South Africa have coasted to a six-wicket, series-clinching win over New Zealand in their second one-day international.
Morné Morkel took five wickets and Hashim Amla hit 92 runs as South Africa coasted to a six-wicket, series-clinching win over New Zealand in the second one-day cricket international on Wednesday.
Morkel (5-38) and Lonwabo Tsotsobe (3-43), provoked a collapse which saw New Zealand slump from 163-2 in the 33rd over to be all out for an inadequate 230 in 47.3 overs. With the win, the Proteas take a 2-0 lead in the three-match series.
Brendon McCullum marked his 200th one-day international by top-scoring with 85 for New Zealand, but when he was out New Zealand lost their last six wickets for 55 runs, including 5-35 between the 30th and 40th overs.
Amla then directed a composed run chase which saw South Africa reach their winning target with almost 12 overs to spare.
The Proteas were 192-4 when Amla was dismissed in the 32nd over, needing only 39 runs to clinch a match and series victory.
Captain AB de Villiers steered the rest of the run chase, making 31 not out and sealing the win with a casual single from the second ball of the 39th over.
“I thought we played consistently well today,” De Villiers said. “Right from the start the boys had the right attitude ... We had a good presence in the field and Morné bowled exceptionally well and set the trend for us and the boys just followed.”
Morkel’s was a remarkable bowling performance. He had 0-33 late in his spell but then sliced through New Zealand’s middle and lower order to take five wickets for five runs.
Amla then made light of the run chase on a pitch on which 300 was easily achievable. He lost his opening partner, Jacques Kallis, in the third over when South Africa was only 11, but remained confident and kept up a high run-rate from the outset.
Amla found the short boundaries at McLean Park with ease, taking 24 of his first 26 runs from fours and reaching his 50 from 51 balls.
“It’s always nice when someone starts well for you up the order,” De Villiers said. “It takes a lot of pressure off the middle order and we had that today, and it made it very easy for the middle order.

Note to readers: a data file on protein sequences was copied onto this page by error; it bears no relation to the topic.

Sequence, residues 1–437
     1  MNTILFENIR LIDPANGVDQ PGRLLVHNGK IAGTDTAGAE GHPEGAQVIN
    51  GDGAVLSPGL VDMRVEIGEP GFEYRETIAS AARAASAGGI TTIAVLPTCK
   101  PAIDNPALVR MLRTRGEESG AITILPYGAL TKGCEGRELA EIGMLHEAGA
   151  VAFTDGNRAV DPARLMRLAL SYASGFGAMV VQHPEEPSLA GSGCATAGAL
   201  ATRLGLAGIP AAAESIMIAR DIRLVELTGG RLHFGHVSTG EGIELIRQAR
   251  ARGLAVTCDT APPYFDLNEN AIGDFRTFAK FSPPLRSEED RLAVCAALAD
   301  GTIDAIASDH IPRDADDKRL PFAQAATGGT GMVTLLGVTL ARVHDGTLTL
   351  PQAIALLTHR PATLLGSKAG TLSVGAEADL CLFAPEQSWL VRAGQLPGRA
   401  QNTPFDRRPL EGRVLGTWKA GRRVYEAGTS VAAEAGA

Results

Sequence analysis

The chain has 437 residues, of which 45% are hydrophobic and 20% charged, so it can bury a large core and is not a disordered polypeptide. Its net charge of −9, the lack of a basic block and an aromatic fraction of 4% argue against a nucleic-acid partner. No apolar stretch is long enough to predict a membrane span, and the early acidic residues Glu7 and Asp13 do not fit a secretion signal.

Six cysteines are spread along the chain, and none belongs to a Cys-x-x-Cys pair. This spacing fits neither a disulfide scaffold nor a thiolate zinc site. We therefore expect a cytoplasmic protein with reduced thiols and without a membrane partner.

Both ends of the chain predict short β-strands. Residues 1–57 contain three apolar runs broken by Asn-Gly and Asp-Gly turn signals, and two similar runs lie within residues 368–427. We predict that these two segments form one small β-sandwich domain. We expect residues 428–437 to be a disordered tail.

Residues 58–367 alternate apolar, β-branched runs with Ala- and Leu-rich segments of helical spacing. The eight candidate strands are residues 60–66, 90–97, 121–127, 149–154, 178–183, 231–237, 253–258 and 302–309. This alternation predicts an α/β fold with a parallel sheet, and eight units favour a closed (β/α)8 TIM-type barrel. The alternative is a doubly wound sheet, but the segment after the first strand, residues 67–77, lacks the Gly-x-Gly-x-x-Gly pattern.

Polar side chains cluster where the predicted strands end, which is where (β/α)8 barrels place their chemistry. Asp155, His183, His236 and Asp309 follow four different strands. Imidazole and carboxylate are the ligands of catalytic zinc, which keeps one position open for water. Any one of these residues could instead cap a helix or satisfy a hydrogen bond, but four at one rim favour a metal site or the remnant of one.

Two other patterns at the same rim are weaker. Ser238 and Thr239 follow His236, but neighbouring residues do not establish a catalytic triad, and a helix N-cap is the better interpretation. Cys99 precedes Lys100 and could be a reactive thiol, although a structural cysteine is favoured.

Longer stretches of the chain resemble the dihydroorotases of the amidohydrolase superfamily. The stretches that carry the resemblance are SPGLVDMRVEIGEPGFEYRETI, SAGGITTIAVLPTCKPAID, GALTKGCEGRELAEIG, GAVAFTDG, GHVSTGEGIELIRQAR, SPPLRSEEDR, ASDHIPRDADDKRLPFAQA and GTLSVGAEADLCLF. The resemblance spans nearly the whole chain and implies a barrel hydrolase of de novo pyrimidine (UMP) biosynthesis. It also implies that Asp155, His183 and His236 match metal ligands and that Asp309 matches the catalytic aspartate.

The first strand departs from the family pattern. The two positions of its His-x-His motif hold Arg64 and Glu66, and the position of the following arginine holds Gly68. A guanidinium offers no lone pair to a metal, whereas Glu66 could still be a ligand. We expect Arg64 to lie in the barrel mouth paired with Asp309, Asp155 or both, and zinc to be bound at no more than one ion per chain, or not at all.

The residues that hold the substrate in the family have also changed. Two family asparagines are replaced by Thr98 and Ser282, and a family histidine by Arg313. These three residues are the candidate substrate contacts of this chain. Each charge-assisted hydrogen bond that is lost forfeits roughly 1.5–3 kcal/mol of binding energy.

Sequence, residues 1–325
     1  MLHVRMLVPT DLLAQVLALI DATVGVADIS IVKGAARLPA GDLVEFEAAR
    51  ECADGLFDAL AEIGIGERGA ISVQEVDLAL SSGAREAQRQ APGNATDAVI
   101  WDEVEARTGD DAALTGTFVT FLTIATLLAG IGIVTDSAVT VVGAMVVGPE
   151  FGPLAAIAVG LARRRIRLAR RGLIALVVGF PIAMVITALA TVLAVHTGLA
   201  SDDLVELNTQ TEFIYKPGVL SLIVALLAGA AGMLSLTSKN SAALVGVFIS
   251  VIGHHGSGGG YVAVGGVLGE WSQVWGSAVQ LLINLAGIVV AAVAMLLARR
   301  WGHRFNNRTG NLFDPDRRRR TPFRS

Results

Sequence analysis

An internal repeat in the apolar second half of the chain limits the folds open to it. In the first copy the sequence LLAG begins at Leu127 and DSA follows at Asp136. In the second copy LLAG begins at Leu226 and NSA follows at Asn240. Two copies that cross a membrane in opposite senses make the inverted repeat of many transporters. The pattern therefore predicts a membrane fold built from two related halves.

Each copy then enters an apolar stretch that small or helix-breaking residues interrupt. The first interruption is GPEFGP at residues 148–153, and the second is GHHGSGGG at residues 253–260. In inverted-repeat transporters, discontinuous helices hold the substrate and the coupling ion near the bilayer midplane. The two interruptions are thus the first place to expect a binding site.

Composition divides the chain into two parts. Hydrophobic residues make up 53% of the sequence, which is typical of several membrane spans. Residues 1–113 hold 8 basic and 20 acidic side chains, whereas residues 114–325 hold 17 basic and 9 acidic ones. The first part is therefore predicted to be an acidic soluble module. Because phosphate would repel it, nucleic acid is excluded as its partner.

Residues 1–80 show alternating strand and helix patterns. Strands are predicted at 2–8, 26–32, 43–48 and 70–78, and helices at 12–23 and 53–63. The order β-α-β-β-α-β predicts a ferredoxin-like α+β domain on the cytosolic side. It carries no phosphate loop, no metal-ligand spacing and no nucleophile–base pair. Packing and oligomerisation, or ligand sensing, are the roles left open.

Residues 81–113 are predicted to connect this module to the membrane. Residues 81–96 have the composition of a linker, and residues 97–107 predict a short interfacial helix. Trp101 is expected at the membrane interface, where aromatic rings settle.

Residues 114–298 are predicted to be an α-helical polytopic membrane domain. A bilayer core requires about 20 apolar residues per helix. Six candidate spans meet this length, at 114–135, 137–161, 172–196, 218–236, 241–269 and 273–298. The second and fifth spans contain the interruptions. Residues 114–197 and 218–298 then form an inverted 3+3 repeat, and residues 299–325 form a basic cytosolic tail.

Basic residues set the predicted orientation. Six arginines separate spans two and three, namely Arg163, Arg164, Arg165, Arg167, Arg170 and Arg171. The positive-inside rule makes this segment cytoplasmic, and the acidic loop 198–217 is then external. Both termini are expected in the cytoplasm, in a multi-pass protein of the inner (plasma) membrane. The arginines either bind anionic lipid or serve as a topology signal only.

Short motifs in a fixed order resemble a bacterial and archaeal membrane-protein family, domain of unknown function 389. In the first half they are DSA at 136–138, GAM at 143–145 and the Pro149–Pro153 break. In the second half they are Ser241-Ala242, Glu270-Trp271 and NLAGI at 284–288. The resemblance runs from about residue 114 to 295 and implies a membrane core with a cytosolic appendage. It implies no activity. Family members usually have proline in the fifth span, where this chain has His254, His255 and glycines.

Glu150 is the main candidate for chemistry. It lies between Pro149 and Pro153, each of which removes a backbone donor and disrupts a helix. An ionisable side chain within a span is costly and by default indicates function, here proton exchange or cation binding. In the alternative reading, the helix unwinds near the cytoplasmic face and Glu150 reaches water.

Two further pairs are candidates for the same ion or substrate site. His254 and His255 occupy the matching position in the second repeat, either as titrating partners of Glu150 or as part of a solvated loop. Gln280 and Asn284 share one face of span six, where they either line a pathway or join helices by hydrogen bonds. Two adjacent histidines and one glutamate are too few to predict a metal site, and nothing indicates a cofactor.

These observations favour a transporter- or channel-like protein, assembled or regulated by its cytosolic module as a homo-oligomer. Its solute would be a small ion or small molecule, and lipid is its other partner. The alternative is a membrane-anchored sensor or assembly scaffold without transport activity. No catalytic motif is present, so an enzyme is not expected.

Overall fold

McCullum put on 107 for the second wicket with Martin Guptill (58) to set a solid foundation for the New Zealand innings. But he was one of three batsmen dismissed during New Zealand’s batting powerplay as the innings quickly unravelled.
Kane Williamson was out for 13 in the first over of the powerplay, McCullum followed in the third over—after scoring his 85 runs from 96 balls with 11 fours and two sixes.
Jesse Ryder fell for a duck one over later as New Zealand slumped from 163-2 to 179-5 in the overs which were supposed to be the most productive of its innings.
Tsotsobe dismissed McCullum and Williamson after removing opener Rob Nicol (11) in the sixth over of the innings. The tall left-armer made up for dropping an easy caught-and-bowled chance when McCullum was on 18 and New Zealand 51-1.
Morkel then hastened the collapse, removing James Franklin, Kyle Mills, Tim Southee (28), Tarun Nethula and finally Andrew Ellis (19) to end the New Zealand innings.
He was twice on a hat trick, dismissing Franklin and Mills with successive balls, before doing the same with Southee and Nethula.
Legspinner Nethula had an eventful one-day international debut. He was bowled with the first ball of his first one-day innings, was hit for four from the first ball of his first one-day over and had two catches dropped from his bowling.
But he battled back to dismiss Amla and Duminy, South Africa’s top-scorers, and to finish with 2-60 from his 10 overs.
“I guess 8-60 odd is not really acceptable so we have to have to take a good, hard look at ourselves there,” McCullum said.
“We got ourselves into a position from which we should have kicked on and got some impetus later on and got around that 300 mark. But we obviously weren’t able to do so.”
The third match is in Auckland on Saturday.—Sapa-AP